The Polish prime minister’s chief of staff Michał Dworczyk said that the vice president of the European Parliament, Katarina Barley’s statement about Poland and Hungary was “shameful” and evoked "the worst possible historical associations.” He went on to quip, "Germans indeed have experience in starving and persecution".
Earlier on Friday the German broadcaster Deutschlandfunk apologised for initially misquoting Katarina Barley, a vice-president of the European Parliament, to suggest she said that “countries such as Poland and Hungary must be starved financially” by being deprived of EU subsidies. The broadcaster claimed that Ms Barley "was only referring to Hungary, not Poland, in this context."
In an interview with Deutschlandfunk Ms Barley said that the EU should put more pressure on Poland and Hungary in order to “uphold the rule of law.” Ms Barley, a former German justice minister and SPD member, argued that the two countries have a record of “not just individual cases of misconduct,” but “systematic” rule-of-law infringements. She suggested that EU funds could be “an effective lever” to bring the two member states into line.
Reports of her remarks caused a wave of indignation in Polish government circles. Deputy foreign minister Paweł Jabłoński called on Katarina Barley to resign.
Mr Jabłoński said that he had listened to a recording of Ms Barley’s interview and the words “aushungern finanziell”, meaning to “starve financially” are audible and clearly apply to both Hungary and Poland. He called on the German politician not to try and deny responsibility but to face the consequences by resigning. He added that should Ms Barley refuse to resign she should be recalled from her post.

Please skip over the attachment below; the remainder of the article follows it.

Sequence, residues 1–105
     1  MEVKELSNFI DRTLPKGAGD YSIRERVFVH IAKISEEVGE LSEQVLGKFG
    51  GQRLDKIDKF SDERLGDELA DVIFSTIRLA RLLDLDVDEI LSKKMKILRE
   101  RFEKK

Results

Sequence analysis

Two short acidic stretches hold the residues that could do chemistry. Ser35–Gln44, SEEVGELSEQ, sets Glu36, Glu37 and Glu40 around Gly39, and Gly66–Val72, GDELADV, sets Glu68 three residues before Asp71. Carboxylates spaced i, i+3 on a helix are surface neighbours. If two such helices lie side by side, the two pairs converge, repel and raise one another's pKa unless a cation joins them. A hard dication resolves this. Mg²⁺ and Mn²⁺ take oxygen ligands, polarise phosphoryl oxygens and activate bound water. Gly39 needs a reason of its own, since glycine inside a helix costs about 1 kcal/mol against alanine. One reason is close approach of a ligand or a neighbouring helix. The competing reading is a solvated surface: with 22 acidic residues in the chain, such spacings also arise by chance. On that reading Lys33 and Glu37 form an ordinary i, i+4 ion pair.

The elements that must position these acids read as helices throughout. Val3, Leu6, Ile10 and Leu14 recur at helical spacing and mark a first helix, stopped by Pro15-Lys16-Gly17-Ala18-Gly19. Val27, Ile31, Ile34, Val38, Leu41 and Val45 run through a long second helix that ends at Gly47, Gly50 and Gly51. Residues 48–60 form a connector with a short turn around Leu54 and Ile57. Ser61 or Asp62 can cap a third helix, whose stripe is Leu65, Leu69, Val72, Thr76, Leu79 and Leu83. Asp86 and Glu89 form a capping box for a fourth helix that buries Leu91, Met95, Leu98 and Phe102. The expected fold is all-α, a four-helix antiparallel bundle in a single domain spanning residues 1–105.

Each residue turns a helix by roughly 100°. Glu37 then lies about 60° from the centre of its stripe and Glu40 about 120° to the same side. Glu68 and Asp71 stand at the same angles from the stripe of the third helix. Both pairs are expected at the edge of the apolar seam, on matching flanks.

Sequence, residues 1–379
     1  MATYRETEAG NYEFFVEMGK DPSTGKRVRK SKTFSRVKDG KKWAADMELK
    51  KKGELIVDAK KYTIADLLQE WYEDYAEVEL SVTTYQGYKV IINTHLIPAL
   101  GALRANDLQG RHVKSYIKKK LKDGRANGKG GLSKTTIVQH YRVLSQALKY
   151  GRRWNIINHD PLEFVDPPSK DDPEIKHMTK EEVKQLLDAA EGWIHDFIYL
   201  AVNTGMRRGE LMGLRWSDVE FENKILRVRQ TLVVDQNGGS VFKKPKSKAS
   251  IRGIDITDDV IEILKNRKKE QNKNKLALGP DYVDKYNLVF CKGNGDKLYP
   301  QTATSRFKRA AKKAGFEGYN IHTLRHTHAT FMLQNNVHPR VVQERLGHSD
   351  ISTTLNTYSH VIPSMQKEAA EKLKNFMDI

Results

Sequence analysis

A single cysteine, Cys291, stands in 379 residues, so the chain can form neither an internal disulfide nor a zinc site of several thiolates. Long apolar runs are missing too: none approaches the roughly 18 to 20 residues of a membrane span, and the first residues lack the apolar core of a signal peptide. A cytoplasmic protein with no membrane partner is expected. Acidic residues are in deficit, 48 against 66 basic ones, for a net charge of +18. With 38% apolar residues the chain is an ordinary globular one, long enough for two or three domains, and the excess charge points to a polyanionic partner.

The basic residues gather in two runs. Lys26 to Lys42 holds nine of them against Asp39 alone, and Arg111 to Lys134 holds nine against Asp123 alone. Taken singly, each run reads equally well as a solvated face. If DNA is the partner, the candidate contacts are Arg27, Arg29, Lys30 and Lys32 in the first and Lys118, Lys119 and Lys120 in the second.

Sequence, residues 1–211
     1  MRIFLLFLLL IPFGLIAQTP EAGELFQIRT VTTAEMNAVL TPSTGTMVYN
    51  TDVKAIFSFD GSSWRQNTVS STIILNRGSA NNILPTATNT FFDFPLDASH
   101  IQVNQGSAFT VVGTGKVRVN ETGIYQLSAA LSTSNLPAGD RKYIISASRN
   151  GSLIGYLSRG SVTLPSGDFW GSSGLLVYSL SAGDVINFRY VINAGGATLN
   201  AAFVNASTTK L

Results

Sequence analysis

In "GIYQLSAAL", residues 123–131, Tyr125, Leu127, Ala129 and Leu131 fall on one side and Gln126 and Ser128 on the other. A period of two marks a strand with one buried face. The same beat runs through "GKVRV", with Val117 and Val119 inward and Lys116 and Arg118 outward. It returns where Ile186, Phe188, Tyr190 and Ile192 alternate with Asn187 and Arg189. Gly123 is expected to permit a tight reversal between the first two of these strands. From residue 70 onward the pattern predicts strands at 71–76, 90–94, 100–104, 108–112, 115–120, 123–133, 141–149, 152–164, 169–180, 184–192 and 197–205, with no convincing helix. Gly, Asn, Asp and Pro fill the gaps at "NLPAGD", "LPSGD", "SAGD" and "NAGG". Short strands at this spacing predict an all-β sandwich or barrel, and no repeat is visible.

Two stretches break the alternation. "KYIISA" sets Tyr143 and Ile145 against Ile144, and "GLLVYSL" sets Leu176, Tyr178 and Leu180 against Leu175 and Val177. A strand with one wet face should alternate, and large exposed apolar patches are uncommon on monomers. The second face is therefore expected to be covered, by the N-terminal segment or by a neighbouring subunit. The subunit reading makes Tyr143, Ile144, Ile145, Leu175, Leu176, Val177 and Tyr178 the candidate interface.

“Such statements amount to actions which divide the EU”, said Mr Jabłoński. He also felt that such aggressive words were “unacceptable “ in the mouths of German politicians because of the history between Poland and Germany.
Rule of law compliance dispute
Poland and Hungary are in dispute with the EC over their judicial reforms. Both countries have been accused of undermining judicial independence. Poland and Hungary deny the charge and argue that they are instituting judicial reforms removing the last vestiges of the past communist system and that these reforms do not give the executive and legislative branches any more power over the judiciary than is enjoyed in many other member states. They also argue that EU treaties make the organisation of judicial systems the sole responsibility and competence of each and every member state.
The EC has instigated rule of law compliance procedures under Article 7 of the Lisbon Treaty. However, for such action to result in sanctions there would have to be unanimity among the members of the European Council. This has never been possible as several member states are reluctant to set such a precedent for fear of falling foul of such processes in the future.
This is why the EC has filed cases for rule of law infringements with the ECJ. Both Poland and Hungary have so far accepted and complied with rulings made by the ECJ and have retreated on some aspects of their judicial reforms.
The EP has called on both Poland and Hungary to have their EU funding stopped for the alleged rule of law violations. A mechanism for rule of law compliance is to be instituted as part of the European Recovery Fund and European Union budget disbursement procedures.